On April 1, Los Angeles County children's social worker Jules Weingart sent the Los Angeles Times a letter protesting its predilection for calling Palestinian suicide-bombers "militants." As a courtesy, Weingart attached a list of normative definitions of the terms "militant," "terrorism," "terror" and "extremist."
On April 18, Weingart received a response from Times Readers Representative Jamie Gold. "The word terrorist is not applied to combatants in Israel," Gold informed Weingart on behalf of the newspaper, "because it is considered a politically loaded word."
That this is some perverse form of political correctness, few can doubt. But as Rabbi Abraham Cooper of the Simon Wiesenthal Center has asked repeatedly over the last year, "Political correctness for whom -- suicide-bombers?"
High-power Israeli Defense Force (IDF) squads have been traveling to choice tourist destinations worldwide this summer, but not for vacation.
So whaddaya know? The election is over, we've got a new mayor, and no sign yet of the apocalypse the other candidates promised would befall this city, no matter who won. Newly minted 9th District Councilwoman Jan Perry knew it was a new day when, shortly after her own election, Jim Hahn called to extend his own congratulations.
Read any good Hebrew books lately?
If you live in the Valley -- we'll assume you read Hebrew -- you'll most likely have picked up the latest Ram Oren techno-thriller or Naomi Ragen frummie-potboiler at the recently opened Steimatzky bookstore on Ventura Boulevard near Corbin.
Just when we thought it was safe to proclaim the mayoral campaign free from the kind of race-baiting that has tainted previous runs for City Hall, we get this bogus automated telephone message, falsely attributed to Republican candidate Steve Soboroff, attesting to his supposed reliance on "Jewish money."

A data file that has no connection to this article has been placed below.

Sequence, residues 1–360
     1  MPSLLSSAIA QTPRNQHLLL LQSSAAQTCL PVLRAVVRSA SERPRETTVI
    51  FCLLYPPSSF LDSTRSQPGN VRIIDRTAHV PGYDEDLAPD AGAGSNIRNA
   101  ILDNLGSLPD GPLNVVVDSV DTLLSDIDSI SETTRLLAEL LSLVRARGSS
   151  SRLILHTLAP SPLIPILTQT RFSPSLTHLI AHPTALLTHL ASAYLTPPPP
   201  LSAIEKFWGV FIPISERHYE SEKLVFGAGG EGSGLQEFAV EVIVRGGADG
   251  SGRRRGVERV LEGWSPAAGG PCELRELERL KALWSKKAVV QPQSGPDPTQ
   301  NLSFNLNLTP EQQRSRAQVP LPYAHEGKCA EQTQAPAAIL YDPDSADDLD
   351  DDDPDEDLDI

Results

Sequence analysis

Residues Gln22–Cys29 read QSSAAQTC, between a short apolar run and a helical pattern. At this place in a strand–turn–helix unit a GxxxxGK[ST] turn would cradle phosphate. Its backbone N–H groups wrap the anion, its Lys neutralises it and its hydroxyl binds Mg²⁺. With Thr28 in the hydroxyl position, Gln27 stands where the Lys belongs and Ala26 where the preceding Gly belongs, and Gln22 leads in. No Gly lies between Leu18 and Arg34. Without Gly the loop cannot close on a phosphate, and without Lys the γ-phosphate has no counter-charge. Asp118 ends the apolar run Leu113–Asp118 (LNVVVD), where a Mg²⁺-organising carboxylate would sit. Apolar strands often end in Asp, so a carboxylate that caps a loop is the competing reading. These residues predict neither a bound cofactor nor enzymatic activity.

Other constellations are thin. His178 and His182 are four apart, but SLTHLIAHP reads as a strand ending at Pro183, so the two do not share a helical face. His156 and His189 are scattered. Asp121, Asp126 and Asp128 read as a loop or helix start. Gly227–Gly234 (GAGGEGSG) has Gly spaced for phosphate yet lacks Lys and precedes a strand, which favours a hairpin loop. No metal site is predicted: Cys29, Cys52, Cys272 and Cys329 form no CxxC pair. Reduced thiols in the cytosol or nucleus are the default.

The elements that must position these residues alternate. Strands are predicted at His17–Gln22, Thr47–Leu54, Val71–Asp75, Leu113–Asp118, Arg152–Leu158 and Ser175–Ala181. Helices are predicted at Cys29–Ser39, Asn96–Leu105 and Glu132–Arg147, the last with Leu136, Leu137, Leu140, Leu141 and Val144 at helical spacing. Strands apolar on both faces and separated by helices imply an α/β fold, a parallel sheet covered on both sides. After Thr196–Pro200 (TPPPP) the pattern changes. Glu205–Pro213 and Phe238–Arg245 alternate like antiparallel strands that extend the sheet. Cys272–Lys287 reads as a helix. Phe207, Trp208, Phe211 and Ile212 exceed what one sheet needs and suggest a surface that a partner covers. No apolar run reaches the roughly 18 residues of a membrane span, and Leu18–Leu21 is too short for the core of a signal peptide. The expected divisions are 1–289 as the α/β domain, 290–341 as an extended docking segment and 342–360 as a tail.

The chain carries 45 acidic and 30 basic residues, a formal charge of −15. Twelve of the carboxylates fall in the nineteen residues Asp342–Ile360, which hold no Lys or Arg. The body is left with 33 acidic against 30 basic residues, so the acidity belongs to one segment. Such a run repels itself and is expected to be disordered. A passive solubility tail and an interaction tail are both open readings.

Aping the famous Army recruitment commercials, the mayoral candidates have all urged Los Angeles to "be all you can be." But City Attorney James Hahn, ostensibly the one shoo-in for the run-off election in June, has come up with a novel approach to realizing his own mayoral ambitions -- by being the people's second choice. Hahn knows that outside of his base constituency within the African American community, few people are genuinely fired up about his candidacy. But that's okay, he says, because only one of his rivals is going to win the primary in April. And the people who supported the others, often with great passion and fervor, will most likely transfer their allegiance to their second-choice candidate -- himself. It's a strange race, to be sure, and its Aesopian undertones may well inspire future tales of "The Tortoise and the Hahn." Still, at press time Hahn's lead over Steve Soboroff and Antonio Villaraigosa had narrowed -- and while Hahn shares the endorsement of the Los Angeles Times with Villaraigosa, the Valley-based Daily News has endorsed Soboroff.
He says he's 61, but you wouldn't know it either to look at him or the paper-shrouded desk in his downtown office. After half a life crusading, his batteries retain their charge even as his office space threatens to succumb to the ever-encroaching mudslide of municipal files. I am told that City Councilman Joel Wachs prefers holding forth from his offices in Studio City. But today is a day for meetings and interviews -- it is past 3 p.m. and I am his third griller of the afternoon. He is always this busy, even more so now that he is running for mayor, and his desk is always on the verge of collapse. "I haven't taken a day off in 20 months," he confides.
The more time I spend trailing the Los Angeles mayoral candidates, the more I find myself musing about rehabilitating the commissariat as a form of government. Or, failing such "Red Dawn"/"Red Alert" scenarios, perhaps we might seek something akin to the national unity administration now under contemplation in Israel. I say this not just to be provocative -- well not only. It just strikes me as a huge waste of precious talent, integrity and commitment to be forced by a winner-takes-all electoral system to have to pick just one of these outstanding people for mayor while jettisoning the others.